Clio Logo
The Museum of the Moving Image (MoMI) is the only museum dedicated to the art, history, technique, and technology of the moving image in the world. By embracing the moving in all its forms, and by providing this knowledge to the public, the museum is able to provide a deeper appreciation and understanding of the moving image. MoMI is a one-of-a-kind destination for audiences of all ages and interests, from connoisseurs of classic cinema to children and families to avid gamers. At the Museum, visitors will find exhibitions, screenings, educational camps, and other group programs. Permanent exhibitions include "Behind the Screen," which showcases the creative process involved in creating moving images, and a gallery devoted to the life and work of Jim Henson. MoMI's offerings are enhanced by its location in the historic Paramount Studios Complex.

  • Facade of the Museum of the Moving Image building.
  • Front doors to the museum.
  • The rear of MoMI, constructed in 2011.
  • Foyer space for the museum, which exhibits the rounded surfaces and dichromatic design.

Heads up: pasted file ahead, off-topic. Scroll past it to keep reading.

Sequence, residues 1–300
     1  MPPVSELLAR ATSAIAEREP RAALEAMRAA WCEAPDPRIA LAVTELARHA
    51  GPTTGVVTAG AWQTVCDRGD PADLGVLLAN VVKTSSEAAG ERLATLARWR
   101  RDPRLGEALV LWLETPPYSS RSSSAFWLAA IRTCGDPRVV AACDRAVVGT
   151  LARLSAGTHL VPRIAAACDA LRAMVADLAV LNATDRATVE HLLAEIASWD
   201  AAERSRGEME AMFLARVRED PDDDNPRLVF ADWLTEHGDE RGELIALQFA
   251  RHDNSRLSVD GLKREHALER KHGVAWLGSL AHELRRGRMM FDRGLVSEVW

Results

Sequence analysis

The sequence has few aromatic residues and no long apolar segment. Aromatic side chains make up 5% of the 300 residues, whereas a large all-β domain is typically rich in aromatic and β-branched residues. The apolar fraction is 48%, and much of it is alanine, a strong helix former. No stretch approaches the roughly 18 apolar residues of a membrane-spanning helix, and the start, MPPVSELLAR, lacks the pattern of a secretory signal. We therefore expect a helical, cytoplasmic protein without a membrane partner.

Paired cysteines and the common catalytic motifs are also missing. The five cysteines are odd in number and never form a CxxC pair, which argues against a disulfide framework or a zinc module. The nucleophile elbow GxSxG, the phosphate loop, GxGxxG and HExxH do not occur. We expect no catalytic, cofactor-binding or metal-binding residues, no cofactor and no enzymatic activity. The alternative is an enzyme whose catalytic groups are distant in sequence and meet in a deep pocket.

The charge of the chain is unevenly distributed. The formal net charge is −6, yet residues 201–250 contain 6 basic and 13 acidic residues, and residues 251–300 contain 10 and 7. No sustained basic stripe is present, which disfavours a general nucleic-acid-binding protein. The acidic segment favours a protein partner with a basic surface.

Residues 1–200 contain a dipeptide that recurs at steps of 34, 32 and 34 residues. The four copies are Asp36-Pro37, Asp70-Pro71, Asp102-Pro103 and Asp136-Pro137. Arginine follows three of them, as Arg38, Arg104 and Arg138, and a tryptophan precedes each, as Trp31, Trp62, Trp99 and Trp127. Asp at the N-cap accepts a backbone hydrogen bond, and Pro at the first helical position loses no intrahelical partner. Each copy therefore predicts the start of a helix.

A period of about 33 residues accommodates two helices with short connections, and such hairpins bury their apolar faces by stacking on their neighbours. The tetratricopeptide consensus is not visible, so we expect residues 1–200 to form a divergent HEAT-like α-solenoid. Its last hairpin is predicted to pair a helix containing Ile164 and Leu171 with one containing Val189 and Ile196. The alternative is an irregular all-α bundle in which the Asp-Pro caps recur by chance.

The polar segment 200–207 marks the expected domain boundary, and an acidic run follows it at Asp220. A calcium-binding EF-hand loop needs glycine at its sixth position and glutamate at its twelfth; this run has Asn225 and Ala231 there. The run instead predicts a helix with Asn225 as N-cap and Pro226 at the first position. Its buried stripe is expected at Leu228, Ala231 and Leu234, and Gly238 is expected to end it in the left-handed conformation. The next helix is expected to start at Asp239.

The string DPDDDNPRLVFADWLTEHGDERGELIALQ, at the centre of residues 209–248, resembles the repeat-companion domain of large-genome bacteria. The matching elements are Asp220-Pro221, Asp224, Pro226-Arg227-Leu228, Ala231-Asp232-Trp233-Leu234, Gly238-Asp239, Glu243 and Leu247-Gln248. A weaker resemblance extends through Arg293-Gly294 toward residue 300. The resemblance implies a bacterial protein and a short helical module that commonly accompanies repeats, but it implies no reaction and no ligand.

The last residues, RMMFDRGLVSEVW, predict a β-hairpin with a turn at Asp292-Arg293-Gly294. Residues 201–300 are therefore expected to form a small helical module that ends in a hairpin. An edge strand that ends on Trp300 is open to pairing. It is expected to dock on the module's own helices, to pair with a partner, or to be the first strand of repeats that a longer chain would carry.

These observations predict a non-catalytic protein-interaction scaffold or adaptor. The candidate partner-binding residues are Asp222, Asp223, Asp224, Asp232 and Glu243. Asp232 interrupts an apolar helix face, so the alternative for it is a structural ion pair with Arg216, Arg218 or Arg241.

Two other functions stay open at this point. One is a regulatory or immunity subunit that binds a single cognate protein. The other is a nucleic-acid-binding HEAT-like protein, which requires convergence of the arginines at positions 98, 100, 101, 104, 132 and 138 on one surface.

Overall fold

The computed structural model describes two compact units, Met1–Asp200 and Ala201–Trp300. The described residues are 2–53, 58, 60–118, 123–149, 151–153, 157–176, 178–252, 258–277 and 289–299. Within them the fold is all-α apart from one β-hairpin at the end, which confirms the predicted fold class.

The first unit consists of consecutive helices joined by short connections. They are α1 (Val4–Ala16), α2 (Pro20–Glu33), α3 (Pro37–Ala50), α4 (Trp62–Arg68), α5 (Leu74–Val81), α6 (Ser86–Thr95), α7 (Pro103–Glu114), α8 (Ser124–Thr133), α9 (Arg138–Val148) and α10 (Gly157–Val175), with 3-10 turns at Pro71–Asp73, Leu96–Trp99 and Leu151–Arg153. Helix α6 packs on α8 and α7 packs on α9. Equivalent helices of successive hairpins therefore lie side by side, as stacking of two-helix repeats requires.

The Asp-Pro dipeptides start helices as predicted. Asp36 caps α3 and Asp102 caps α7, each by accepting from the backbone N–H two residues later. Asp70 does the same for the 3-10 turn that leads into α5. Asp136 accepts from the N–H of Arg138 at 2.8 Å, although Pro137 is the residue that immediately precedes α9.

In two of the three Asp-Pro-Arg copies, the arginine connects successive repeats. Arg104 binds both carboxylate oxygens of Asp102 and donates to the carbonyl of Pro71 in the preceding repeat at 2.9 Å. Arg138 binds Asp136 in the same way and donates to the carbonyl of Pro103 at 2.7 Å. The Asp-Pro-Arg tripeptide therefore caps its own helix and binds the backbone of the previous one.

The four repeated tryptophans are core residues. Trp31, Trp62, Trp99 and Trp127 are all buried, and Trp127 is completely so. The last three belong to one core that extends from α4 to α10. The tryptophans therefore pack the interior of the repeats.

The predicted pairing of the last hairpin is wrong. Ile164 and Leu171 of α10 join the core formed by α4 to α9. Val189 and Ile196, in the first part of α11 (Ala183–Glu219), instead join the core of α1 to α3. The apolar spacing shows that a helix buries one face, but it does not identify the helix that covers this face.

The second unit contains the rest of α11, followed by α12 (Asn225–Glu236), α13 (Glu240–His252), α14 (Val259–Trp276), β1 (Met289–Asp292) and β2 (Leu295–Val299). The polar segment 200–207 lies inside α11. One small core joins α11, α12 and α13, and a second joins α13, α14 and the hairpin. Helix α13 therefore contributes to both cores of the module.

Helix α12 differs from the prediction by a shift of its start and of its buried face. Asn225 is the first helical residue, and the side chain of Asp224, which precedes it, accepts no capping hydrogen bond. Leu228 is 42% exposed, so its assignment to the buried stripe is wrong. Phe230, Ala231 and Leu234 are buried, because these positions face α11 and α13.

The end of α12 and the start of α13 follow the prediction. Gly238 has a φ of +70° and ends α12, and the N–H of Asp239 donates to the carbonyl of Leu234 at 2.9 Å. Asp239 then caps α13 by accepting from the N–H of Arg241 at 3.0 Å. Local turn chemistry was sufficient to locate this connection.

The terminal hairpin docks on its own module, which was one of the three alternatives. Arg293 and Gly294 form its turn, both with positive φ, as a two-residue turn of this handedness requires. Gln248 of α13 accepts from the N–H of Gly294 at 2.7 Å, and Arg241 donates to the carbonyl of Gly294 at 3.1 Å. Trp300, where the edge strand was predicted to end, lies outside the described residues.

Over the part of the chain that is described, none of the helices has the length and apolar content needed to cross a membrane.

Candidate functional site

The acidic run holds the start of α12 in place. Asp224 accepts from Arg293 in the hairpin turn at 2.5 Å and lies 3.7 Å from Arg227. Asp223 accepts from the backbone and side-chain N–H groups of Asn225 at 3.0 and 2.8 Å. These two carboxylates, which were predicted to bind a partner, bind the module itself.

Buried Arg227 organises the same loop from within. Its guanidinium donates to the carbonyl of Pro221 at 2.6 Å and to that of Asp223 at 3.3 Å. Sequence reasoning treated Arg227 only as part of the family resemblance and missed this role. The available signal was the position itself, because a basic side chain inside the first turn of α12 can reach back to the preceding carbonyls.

• A theater in MoMI
  • View of the permanent Jim Henson exhibition.

The Museum of the Moving Image (MoMI) occupies the historic Paramount Studios Complex. This site features nine historical buildings that were instrumental in the creation of media in the silent and early sound film era. MoMI occupies the earliest building constructed on the site, which was built in 1918. This structure is three-stories and composed of reinforced concrete. The building originally contained processing laboratories and offices for the movie industry. Another significant structure on the Paramount Studios Complex site was the East Coast’s largest sound stage for decades. Even into the 1970s, the stage remained one of the four largest in the world. Hundreds of commercial films were shot at the Paramount Studios Complex between 1920 and 1942. Many iconic celebrities such as Gloria Swanson, W. C. Fields, and Rudolph Valentino forged their careers in the Paramount buildings.

By the 1940s, the film industry was centered firmly in Hollywood. Due to this, Paramount Studios moved west, and their complex was transferred to the War Department in 1942. The army produced a variety of films at the New York studio, including training tapes, World War II propaganda shorts, and full-length films that glorified the military. In fact, the army became the most prolific producer of movies in the world, averaging an incredible three hundred films a year from 1942 until 1970. The military studio even received nominations for Academy Awards. In 1970, the Army stopped using the site and turned the buildings over to New York City. Independent companies were permitted to rent the complex for projects, such as the 1975 movie, “Thieves” starring Marlo Thomas, and the 1976 movie, “Next Man” starring Sean Connery.